Eurozone debt burden a record high

Europe's debt dynamics keep getting worse in spite of years of cost-cutting and tax rises designed to return public finances to health.

Europe's debt dynamics keep getting worse in spite of years of cost-cutting and tax rises designed to return public finances to health.

Official data this week showed that the debt burden of the 17 European Union countries that use the euro hit all-time highs in the first quarter, even after austerity measures were introduced.

Eurostat, the EU's statistics office, said government debt as a proportion of the gross domestic product in the eurozone rose to a record 92.2 per cent in the first quarter of this year, from 88.2 per cent in the same period a year ago.

Battered by a global recession, a banking crisis and in some cases lax financial management, a number of euro countries have been forced to take remedial action to deal with their debts, some in return for multibillion euro bailouts.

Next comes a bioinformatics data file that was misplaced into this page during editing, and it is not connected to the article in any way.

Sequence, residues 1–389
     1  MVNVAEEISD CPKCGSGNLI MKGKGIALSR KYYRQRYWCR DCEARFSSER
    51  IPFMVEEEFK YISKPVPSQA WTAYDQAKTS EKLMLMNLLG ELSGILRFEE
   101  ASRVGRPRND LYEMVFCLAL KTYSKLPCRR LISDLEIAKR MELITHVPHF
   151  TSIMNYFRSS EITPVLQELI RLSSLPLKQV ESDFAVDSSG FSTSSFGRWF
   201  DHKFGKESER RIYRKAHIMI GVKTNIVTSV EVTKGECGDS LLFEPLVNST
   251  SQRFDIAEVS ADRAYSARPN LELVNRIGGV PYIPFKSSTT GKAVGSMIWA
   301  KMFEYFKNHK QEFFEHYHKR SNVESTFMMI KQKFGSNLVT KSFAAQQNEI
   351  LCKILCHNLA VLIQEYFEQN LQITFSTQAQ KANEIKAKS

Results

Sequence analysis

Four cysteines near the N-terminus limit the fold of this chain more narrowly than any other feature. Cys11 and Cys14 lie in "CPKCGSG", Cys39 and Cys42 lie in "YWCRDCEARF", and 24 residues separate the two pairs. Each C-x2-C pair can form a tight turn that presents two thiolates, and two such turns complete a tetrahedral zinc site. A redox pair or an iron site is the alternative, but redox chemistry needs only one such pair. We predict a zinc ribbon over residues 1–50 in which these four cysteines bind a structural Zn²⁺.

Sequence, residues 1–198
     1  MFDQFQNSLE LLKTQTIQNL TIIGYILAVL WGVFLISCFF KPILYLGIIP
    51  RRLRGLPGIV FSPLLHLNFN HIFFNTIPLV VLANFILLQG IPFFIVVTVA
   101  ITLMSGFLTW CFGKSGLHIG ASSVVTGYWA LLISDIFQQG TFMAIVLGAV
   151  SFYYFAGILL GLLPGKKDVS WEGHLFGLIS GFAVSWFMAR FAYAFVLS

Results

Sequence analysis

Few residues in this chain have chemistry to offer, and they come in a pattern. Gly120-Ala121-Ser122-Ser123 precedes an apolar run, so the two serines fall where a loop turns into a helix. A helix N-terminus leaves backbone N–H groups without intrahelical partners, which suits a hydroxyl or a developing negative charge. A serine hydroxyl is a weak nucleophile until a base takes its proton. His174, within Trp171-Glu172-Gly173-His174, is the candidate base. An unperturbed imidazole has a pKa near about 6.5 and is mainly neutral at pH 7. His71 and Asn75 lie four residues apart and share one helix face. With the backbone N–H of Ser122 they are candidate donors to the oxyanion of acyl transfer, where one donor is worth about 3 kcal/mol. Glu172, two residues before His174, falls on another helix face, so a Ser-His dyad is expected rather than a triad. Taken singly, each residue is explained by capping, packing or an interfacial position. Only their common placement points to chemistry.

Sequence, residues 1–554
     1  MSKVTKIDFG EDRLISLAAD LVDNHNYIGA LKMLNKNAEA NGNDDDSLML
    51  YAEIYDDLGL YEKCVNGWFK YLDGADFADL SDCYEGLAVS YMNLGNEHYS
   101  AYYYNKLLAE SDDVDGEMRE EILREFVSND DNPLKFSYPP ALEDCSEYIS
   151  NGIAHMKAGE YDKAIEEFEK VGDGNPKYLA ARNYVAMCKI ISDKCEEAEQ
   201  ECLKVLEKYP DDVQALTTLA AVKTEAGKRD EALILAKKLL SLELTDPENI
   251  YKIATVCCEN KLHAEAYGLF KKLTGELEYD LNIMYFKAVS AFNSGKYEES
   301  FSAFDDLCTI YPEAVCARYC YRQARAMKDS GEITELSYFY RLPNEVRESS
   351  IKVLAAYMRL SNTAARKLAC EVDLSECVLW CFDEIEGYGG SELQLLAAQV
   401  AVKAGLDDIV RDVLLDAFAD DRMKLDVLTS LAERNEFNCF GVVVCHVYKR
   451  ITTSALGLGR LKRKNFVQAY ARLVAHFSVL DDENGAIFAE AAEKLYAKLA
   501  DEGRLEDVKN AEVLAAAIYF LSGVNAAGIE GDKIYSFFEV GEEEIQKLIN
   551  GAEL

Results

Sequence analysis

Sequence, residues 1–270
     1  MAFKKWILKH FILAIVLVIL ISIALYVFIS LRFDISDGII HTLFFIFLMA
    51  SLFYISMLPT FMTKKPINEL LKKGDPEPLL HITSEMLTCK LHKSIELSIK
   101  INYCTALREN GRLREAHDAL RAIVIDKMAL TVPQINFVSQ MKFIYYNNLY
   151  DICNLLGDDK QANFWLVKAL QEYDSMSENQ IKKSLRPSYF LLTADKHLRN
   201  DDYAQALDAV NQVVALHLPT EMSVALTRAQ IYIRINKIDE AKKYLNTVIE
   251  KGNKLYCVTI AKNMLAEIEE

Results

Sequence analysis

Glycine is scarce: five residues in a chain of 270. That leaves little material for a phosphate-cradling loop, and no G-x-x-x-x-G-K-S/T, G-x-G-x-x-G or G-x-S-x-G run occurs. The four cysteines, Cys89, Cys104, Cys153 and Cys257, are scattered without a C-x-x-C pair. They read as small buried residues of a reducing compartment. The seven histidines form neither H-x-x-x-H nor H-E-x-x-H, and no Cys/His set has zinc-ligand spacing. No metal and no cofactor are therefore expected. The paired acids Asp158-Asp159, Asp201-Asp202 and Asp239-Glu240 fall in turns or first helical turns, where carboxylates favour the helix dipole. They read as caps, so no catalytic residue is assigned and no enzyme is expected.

Some progress has been made. Greece, for example, is expected to start posting economic growth next year while recording a primary surplus - the annual budget excluding debt-related payments - after years of savage austerity that contributed to a near six-year recession and an unemployment rate of about 27 per cent.

One effect of the austerity measures has been to keep a lid on growth. Many countries are in recession and shrinking economies can make the debt-to-GDP ratio less favourable. Coupled with the fact that countries continue to add to their debt by continuing budget deficits, the overall debt burden of the eurozone has continued to rise.

The eurozone recession started at the end of 2011.

Greece has the highest debt burden in the eurozone of 160.5 per cent.